If you want to know what makes San Francisco’s magnificently doomy Orchid tick, then look no further than the first four Sabbath albums – pounding drum violence – check. Earth-rumbling bass frequencies – check. Riffs blacker than Satan’s malevolent heart – check.
It’s only in Theo Mindell’s rasping growl – much more belligerent than early Ozzy – that they differ, and even then it ain’t by much. Of course, such close identification with the classic Sabs sound would mean absolutely nothing if they didn’t have the songs to match, and fortunately they do.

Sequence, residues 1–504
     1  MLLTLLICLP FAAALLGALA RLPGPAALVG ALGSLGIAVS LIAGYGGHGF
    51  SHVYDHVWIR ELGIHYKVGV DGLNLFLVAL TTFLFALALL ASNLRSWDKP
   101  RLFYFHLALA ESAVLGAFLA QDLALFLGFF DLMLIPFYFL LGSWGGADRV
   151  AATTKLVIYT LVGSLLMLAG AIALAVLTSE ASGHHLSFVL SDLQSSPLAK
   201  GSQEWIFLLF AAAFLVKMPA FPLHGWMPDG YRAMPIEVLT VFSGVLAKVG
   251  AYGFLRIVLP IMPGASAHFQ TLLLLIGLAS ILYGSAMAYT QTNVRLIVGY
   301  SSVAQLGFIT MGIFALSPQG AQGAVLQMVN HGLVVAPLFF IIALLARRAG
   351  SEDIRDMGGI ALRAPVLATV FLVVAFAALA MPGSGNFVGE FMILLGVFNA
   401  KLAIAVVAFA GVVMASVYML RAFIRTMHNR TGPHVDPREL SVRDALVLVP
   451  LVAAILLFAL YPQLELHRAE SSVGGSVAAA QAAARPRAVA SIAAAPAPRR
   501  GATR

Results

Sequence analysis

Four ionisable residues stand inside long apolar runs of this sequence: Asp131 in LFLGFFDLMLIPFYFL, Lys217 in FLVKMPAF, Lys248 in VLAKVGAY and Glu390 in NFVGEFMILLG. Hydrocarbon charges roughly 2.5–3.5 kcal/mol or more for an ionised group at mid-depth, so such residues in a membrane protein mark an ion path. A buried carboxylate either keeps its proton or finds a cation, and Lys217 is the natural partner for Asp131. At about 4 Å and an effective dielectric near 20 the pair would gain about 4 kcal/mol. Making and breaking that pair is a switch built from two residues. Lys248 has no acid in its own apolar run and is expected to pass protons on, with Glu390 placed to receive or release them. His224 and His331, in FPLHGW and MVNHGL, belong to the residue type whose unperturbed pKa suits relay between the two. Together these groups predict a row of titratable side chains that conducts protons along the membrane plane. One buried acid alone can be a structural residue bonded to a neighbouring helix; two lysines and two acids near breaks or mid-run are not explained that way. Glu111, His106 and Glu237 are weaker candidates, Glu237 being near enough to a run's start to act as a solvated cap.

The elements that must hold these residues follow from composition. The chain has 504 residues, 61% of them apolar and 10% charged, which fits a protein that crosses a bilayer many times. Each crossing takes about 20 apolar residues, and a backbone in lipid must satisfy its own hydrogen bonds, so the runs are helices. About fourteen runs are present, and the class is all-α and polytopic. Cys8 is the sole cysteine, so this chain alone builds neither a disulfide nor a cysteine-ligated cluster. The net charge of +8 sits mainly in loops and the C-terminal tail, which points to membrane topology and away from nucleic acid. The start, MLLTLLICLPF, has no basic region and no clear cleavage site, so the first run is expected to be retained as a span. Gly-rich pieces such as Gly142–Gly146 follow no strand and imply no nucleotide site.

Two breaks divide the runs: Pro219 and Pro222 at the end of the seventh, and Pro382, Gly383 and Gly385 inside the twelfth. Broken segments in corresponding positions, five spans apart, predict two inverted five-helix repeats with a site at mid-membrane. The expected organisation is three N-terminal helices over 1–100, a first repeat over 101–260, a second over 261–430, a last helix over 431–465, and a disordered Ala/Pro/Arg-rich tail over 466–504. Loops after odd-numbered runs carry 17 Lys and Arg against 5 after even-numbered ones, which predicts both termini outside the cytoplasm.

Admittedly, more than a few times – Silent Ones, Nomad, Wizard Of War, to name but three – you might find yourself looking at the tracklisting just to check that what you’re listening to isn’t actually a cover version, but there’s enough swaggering confidence and trippy grooviness to set The Mouths Of Madness apart.
The piano-driven mellow middle section of Mountains Of Steel and smouldering bluesy build-up of Loving Hand Of God are just two instances where Orchid follow their own path. More departures from the expected would pay even greater dividends.